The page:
Privileged Pour: Hannah Griffith's Coffeehouse

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Eighteenth-century notions of "respectability" could usher one widowed mother of many to the almshouse, while a similarly dispondent young widow might possess a reputation that opened doors of opportunity instead. The latter was the case for Hannah Griffith, the mother of eight and recent widow of a well-esteemed minister who was also a friend of George Washington.  She was faced with vacating the church land she had called home while her eldest child proceeded to marry into the prestigious Fairfax family. Her reputation was determined upon social and familial ties, and was affected less by finances or even her considerable outstanding debt. Instead of the poorhouse, Hannah's perceived respectability empowered her to operate a dignified Alexandria, Virginia "Coffee-House" from 1794-1797.

    Hannah Colville Griffith, born between 1745-1751, was raised in the New York colony by her parents Ann and William, originally of European origin. Her life would not be easy, but familial connections would serve to benefit her options along the way. Hannah's social status, despite financial woes, secured her admission into "respectable" circles that would be essential to the coffeehouse business she would operate from 1794 to 1797.

    We are currently unable to know her at her core, and can only peel back a layer or two, allowing a glimpse into her life.  Even that does not do her justice as we will be seeing her only through the lens of what her husband’s biographers felt were relevant.  The correspondence between the couple was read and reduced, many years ago, by ecclesiastical biographers whose excerpts served to illustrate broader points related to her husband’s career as a minister, soldier, surgeon, and revolutionary of the Episcopal Church.  The following is an attempt to search these biographies and the accessible primary sources they are built upon—including the papers of George Washington, newspaper notices, and court records—with the purpose of revealing her fortunate connections to members of the most prominent citizens of the day and the privileges these associations afforded Mrs. Griffith.

Gadsby's Tavern Museum

Hannah Griffith leased the smaller, 1785, building belonging to John Wise and operated a coffeehouse from 1794-1797.

        Hannah’s world completely changed in 1789 with the death of her husband, Dr. Reverend David Griffith. His departure left Hannah to manage their eight young children and a mountain of debt due to multiple mortgages on investment lots in the city of Alexandria, Virginia. After taking charge of the finances by petitioning the General Assembly for permission to sell her husband’s Kentucky assets[1] and moving out of the glebe house that had been provided by the Episcopalian Church, Hannah leased a commercial building in Alexandria from the developer John Wise.  The impressive Georgian-style brick structure had been utilized previously as a tavern and included two spacious levels for main business operations, plus a basement and three dormer rooms in the attic.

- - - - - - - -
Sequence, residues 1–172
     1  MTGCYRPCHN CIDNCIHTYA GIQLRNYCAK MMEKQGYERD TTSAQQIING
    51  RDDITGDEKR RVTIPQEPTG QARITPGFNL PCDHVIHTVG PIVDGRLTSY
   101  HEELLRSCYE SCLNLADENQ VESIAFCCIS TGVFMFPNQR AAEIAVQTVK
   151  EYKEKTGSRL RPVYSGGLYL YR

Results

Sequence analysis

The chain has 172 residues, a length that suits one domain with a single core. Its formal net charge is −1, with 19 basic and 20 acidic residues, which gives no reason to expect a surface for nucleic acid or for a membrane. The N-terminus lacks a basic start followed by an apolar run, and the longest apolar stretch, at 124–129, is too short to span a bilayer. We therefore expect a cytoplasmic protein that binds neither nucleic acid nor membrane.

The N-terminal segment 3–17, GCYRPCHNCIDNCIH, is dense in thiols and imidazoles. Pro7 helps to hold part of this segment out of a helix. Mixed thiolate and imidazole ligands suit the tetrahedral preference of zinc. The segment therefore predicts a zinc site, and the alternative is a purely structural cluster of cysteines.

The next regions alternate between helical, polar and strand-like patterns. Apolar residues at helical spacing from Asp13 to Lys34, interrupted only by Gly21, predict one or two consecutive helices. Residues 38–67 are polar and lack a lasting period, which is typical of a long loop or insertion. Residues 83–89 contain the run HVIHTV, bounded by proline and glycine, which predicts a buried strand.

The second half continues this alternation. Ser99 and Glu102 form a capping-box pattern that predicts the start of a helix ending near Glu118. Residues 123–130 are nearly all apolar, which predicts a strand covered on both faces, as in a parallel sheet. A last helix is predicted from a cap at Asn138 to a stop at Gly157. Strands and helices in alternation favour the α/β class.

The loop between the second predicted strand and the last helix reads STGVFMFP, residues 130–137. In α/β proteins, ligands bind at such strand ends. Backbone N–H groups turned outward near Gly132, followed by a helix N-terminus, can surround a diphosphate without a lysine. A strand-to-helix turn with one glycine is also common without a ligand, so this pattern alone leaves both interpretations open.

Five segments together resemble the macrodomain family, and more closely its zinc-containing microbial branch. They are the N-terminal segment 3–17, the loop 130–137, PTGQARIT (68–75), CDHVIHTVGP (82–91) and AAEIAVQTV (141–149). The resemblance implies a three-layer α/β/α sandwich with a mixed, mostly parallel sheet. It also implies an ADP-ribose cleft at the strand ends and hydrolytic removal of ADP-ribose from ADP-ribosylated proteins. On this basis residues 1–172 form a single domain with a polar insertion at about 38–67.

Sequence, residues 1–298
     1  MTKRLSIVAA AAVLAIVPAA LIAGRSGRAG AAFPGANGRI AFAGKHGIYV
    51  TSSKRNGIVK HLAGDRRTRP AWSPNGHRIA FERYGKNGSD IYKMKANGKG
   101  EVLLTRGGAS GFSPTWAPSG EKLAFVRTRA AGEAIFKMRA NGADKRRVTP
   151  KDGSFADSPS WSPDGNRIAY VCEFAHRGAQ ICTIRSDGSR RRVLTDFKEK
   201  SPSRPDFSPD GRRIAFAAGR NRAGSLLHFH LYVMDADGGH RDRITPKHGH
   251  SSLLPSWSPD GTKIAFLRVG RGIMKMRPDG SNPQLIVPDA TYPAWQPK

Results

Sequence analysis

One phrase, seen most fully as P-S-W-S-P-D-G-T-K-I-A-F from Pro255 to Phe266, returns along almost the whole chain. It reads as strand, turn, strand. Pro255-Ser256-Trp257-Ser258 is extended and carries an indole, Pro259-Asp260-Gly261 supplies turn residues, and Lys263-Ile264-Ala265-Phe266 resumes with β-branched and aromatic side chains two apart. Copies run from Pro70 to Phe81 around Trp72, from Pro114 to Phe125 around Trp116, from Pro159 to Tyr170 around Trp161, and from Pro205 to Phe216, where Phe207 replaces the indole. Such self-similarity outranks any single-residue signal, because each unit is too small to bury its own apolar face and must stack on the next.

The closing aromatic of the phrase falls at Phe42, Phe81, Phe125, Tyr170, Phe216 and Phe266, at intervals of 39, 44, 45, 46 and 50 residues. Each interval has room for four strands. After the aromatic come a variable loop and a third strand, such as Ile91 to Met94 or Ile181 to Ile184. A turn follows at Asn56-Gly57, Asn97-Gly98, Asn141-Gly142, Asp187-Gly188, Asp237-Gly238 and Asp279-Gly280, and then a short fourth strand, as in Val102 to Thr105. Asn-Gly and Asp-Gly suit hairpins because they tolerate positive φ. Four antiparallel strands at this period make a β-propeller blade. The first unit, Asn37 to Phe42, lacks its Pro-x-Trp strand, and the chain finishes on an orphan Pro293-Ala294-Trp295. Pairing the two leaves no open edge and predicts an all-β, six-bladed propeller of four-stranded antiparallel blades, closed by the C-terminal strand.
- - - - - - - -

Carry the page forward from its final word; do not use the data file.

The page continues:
Built in 1785, the building's second floor assembly room is thought to have been the largest room in town at that time. The auspicious location of the building, alongside the booming port city's Market Square, promised a plentiful stream of merchants who would require a decent place to conduct business. The last year that Hannah operated her coffeehouse, she likely benefited greatly from the clientele attracted by her distinguished new neighbor, John Gadsby- an Englishman who leased the larger building to the right of her establishment, in 1796. Gadsby's reputation for luxury and sound business ventures preceded him, thus his City Tavern and Hotel was an enormous success, attracting such notable guests as the first five U.S. presidents. Gadsby's ballroom surpassed the elegance of the smaller building's assembly room, but this would not have troubled Hannah, as the profitability of a coffeehouse did not rely on splendid balls such as Gadsby's last two Birthnight Balls attended by George and Martha Washington. Nor was a coffeehouse proprietor's focus the blissful accommodations of a guest's overnight stay, such as the one enjoyed at Gadsby's hotel by Thomas Jefferson the year of his presidential tie with Aaron Burr. Instead, Hannah Griffith knew a coffeehouse was an exchange-driven, business oriented place of prestige for the city's merchant class. Her business success would depend upon emiting infatuating rays of respectability that would attract and preserve a loyal customer base of wealthy upper-class men desiring to be seen as traveling in the finest circles.

[1] “Notice is hereby given,” listing Hannah Griffith petition items, including lands granted for military service, Virginia Gazette and Alexandria Advertiser (Alexandria: September 15, 1791).

Created by Kristy Huettner, 2020.